What was it about the urgency of protecting your profits through the carbon transition that first attracted you to the wonder-fuel Hydrogen?

BP’s plant generating Hydrogen from Natural Gas, on Teeside.

It’s easy to check if a proposed tech solution to the climate crisis is legit or not.

Examine the solution; if it looks like it might have been designed to cleverly carry forward the capital structures and shareholder value of fossil industries to the post-transition economy then that’s all you need to know. It’s a wealth preservation device and building it will waste time we don’t have, push zero emissions further out, and risk further warming.

Hydrogen is a good example: we’re going to need it and we’re going to need a lot of it but only for some pretty specific applications – for very long-distance transport (boats basically) or for running plant that’s a long way from the grid, that kind of thing.

Used in other applications it’ll bring with it all the costs of a new industrial process and a new distribution fabric. Hydrogen at the scale proposed by capital is a way to reproduce existing ownership structures, to protect investments – and the absurd, distorting overhead of doing that – building and maintaining networks, developing and selling a whole new ecology of devices, growing new markets and so on – all for the single purpose of protecting the value of the corporations that got us here in the first place – will cancel all the benefits.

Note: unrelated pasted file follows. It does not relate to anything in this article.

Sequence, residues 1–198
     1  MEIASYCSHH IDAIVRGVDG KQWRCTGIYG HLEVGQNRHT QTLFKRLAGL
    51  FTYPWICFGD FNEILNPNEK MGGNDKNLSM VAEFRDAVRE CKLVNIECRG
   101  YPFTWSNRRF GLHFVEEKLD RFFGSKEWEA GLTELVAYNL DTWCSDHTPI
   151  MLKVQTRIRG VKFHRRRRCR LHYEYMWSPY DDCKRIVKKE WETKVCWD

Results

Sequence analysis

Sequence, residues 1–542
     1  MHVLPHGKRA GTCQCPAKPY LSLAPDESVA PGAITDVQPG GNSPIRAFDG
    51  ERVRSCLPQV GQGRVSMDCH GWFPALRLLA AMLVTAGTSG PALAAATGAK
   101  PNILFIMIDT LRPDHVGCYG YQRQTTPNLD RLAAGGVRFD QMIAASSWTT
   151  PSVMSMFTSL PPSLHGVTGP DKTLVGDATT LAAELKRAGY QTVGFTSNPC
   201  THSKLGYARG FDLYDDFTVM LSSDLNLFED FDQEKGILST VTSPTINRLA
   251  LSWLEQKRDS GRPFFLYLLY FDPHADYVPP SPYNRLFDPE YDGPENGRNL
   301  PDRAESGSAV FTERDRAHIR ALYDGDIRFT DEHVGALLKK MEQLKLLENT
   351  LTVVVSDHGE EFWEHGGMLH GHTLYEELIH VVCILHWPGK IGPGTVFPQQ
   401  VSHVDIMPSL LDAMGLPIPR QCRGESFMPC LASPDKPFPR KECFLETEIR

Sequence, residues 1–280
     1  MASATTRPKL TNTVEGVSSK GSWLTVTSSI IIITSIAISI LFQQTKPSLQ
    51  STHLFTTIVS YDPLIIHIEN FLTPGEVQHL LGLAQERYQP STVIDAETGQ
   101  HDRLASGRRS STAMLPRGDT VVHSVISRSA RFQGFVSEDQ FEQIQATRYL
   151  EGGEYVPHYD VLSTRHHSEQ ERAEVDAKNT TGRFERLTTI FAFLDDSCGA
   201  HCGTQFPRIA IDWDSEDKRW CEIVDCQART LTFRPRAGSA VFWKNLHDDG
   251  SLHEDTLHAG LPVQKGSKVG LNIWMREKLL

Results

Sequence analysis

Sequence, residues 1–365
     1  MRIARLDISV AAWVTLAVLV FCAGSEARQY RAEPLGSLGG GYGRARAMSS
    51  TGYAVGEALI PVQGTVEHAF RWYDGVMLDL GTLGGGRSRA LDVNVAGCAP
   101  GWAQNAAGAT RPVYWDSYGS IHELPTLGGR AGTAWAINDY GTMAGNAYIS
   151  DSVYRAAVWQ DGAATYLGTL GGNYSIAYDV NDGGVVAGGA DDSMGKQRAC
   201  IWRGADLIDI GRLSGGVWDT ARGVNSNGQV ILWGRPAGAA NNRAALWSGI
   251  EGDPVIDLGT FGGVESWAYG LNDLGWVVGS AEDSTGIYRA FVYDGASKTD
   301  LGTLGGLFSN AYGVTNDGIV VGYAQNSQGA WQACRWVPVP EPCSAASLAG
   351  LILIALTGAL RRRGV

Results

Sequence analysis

And don’t get me started on the demented logic of using electricity (green or otherwise) to extract hydrogen and then burning hydrogen to generate electricity (and all the crazy variations on that model). Used in this way Hydrogen is a dirty fuel.

Is this what they call creative destruction?

(This is a longer version of an article written for The Guardian) The music and tech industries have been locked in mortal conflict for decades with no resolution in sight. This time around, will the all-powerful rights owners snuff out innovation and consumer choice or will the maverick geeks and their friends in the tech industry impoverish the artists and record labels? Neither.